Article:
There are a lot of sense in all these answers.
However, this is an insight of a similar thing that happened to me:
I use to practise very hard as I was a late bloomer. Also classically trained including a lot of self teaching.
I liked Hanon and other exercises a lot but didn't like the way it was taught...just for the fingers...
It however made my fingers "too strong" and that problem migrated to other parts of my playing.
I had to adapt/change my technique with rotations, turn arounds when changing directions and other arms and wrists techniques.
This made me realise that actually, my 4th & 5th finger were stronger than 1 & 2 because of the emphasis these exercises put on the weakest fingers. I never thought of concentrating on fingers 1 &2 and took it for granted.
A further thought:
Biology has a lot to do with the way you play. There are new teachers emerging who combine classical techniques with new findings:
You mentioned that you haven't played for sometimes and even if your brain has remembered what to do, your hands, arms have probably changed physically. That's worth considering.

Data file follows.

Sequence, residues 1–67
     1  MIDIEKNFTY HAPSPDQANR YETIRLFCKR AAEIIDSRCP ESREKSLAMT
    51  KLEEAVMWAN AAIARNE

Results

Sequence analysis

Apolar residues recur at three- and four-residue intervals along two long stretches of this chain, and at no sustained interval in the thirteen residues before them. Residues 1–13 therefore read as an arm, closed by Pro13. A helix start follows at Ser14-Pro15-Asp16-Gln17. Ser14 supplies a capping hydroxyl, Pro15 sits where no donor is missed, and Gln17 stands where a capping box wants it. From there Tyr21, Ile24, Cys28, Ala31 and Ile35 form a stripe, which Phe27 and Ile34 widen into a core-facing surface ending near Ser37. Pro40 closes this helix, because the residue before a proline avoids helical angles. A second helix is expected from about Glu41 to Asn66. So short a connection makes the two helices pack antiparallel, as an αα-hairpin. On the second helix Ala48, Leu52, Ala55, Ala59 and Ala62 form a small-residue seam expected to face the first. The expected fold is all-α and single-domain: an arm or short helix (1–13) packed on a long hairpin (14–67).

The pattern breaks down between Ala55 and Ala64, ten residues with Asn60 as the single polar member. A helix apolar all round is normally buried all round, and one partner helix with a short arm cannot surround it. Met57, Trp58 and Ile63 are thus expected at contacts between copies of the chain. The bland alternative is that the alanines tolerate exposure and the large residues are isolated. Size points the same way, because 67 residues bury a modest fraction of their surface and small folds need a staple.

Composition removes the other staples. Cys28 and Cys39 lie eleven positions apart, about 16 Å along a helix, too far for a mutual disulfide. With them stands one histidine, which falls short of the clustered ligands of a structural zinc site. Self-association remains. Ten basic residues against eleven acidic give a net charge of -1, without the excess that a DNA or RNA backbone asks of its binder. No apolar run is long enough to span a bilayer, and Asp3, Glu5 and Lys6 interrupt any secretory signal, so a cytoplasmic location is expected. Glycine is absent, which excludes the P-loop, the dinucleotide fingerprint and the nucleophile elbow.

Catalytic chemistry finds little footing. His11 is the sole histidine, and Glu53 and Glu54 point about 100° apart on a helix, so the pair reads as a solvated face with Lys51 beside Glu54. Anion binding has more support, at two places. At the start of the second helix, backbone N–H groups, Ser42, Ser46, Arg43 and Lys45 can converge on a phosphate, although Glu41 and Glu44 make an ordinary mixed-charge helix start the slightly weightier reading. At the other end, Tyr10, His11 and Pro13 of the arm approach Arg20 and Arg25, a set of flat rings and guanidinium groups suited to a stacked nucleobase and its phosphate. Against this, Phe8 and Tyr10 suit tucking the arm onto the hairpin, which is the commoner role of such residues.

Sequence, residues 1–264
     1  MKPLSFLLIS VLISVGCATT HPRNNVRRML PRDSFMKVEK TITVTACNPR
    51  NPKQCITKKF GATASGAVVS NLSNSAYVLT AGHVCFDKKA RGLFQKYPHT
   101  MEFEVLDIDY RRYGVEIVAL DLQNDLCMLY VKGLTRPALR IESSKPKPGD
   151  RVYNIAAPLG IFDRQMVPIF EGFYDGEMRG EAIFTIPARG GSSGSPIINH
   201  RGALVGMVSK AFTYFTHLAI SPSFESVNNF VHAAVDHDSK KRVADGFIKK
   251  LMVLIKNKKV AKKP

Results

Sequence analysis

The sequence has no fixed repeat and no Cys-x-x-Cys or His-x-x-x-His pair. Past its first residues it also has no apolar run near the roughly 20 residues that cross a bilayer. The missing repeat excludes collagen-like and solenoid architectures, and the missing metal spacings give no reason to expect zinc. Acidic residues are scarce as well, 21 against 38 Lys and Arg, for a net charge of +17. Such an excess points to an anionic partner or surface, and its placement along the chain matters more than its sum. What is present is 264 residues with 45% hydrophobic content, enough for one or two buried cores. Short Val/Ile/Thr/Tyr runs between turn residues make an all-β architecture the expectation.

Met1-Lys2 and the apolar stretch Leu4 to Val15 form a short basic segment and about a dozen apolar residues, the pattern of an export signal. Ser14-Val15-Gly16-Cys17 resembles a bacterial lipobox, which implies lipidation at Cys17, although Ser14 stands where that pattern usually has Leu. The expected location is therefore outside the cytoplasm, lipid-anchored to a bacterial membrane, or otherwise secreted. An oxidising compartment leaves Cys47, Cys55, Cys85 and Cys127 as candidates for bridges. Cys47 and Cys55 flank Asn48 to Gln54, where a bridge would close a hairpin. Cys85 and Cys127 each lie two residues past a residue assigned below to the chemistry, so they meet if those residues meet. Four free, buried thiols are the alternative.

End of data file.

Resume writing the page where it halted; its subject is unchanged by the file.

I personally discovered that my hand balance was not my 2nd finger(next to ring finger) but my first one(next to thump), which was due to some early sport activities and injuries.
With that in mind, I rethought my technique and adapted.
I know these are insights and not necessarily the answer this website requires but thought it might help
This guy is the guru at the moment. Here's a link to one of his video:
It is possible you were taught the very classical way, like a teacher hitting your hand with a ruler when your hand position is wrong. There's more up to date thoughts on piano techniques these days. The one rule I follow is always do what feels right. If it hurts, I am doing it wrong!
I suggest watching videos on a piano technique search.
One more thought: are your fingers tensing without you realising? Tension can creep in at anytime and it can take a while before you realise, especially if you've been out of the loop for a while.
Remembering complicated pieces is great but it s your body ready? Are you trying to run before you can walk?
I'd suggest you sort of go back to basics: scales, arpeggios. Start slowly with whole notes, quarters notes.... this should help control.
Whenever I am stuck, I go back to basics, even now. I always start my practise with scales chords or arpeggios works, just to warm up... I will always do that to keep control.